## Algorithms for Analyzing Spatio-temporal Data

In today's age, huge data sets are becoming ubiquitous. In addition to their size, most of these data sets are often noisy, have outliers, and are incomplete. Hence, analyzing such data is challenging. We look at applying geometric techniques to tackle some of these challenges, with an emphasis on designing provably efficient algorithms.

With the massive amounts of data available today, it is common to store and process data using multiple machines. Parallel programming frameworks such as MapReduce and its variants are becoming popular for handling such large data. We present the first provably efficient algorithms to compute, store, and query data structures for range queries and approximate nearest neighbor queries in a popular parallel computing abstraction that captures the salient features of MapReduce and other massively parallel communication (MPC) models. Our algorithms are competitive in terms of running time and workload to their classical counterparts.

We propose parallel algorithms in the MPC model for processing large terrain elevation data (represented as a 3D point cloud) that are too big to fit on one machine. In particular, we present a simple randomized algorithm to compute the Delaunay triangulation of the $xy$-projections of the input points. Next we describe an efficient algorithm to compute the contour tree (a topological descriptor that succinctly encodes the contours of a terrain) of the resulting triangulated terrain.

We then look at comparing real-valued functions, by computing a distance function between their merge trees (a small-sized descriptor that succinctly captures the sublevel sets of a function). Merge trees are robust to noise in the data, and can be used effectively as proxies for the data sets themselves in some cases. We also use it to compute the Gromov-Hausdorff distance, a natural way to measure distance between two metric spaces. We give the first proof of hardness and the first non-trivial approximation algorithm for computing the Gromov-Hausdorff distance between geodesic metrics in trees.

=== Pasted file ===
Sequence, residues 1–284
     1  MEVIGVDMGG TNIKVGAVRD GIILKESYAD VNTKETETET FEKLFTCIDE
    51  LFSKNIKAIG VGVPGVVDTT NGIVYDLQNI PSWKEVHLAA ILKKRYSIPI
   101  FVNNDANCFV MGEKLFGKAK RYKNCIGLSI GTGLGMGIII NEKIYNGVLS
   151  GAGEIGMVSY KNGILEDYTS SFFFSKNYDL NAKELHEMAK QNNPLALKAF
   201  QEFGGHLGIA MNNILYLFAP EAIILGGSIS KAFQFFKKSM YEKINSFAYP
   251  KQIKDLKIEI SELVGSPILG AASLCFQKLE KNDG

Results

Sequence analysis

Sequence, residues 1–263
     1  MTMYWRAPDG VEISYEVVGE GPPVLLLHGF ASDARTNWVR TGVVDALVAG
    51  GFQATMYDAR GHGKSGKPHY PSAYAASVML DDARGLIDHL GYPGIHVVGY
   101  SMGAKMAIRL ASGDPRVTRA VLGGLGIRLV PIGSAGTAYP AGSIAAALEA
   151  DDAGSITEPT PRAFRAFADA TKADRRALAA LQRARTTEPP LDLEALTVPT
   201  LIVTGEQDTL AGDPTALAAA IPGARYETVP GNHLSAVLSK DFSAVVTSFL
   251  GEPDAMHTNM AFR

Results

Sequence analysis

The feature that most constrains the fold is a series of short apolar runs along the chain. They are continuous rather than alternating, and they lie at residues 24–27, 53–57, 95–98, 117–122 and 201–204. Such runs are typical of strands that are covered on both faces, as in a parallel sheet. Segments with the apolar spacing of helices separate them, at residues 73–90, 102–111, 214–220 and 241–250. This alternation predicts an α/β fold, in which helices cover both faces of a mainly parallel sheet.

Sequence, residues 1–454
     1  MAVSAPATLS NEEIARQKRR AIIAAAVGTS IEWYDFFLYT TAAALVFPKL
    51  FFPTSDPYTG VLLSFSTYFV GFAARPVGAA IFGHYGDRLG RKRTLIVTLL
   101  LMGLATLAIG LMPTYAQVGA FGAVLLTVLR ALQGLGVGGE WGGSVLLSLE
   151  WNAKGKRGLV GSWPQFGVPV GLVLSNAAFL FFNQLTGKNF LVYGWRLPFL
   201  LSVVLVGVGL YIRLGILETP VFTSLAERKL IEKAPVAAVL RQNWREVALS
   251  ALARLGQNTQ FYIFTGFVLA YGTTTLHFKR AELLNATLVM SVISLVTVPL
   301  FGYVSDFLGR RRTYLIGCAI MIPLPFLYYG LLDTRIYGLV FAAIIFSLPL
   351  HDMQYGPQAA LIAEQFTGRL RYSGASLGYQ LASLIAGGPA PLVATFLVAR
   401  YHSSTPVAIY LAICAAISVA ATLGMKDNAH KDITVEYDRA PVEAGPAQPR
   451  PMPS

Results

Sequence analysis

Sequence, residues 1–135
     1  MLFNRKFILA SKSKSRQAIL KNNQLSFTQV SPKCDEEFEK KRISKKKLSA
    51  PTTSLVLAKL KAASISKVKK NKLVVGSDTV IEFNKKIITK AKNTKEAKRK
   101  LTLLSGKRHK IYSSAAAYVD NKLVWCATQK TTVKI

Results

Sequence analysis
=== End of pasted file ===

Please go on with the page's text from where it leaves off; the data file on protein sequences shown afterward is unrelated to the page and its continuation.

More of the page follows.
Finally we look at the problem of capturing shared portions between large number of input trajectories. We formulate it as a subtrajectory clustering problem - the clustering of subsequences of trajectories. We propose a new model for clustering subtrajectories. Each cluster of subtrajectories is represnted as a \emph{pathlet}, a sequence of points that is not necessarily a subsequence of an input trajectory. We present a single objective function for finding the optimal collection of pathlets that best represents the trajectories taking into account noise and other artifacts of the data. We show that the subtrajectory clustering problem is NP-hard and present fast approximation algorithms. We further improve the running time of our algorithm if the input trajectories are ``well-behaved". We also present experimental results on both real and synthetic data sets.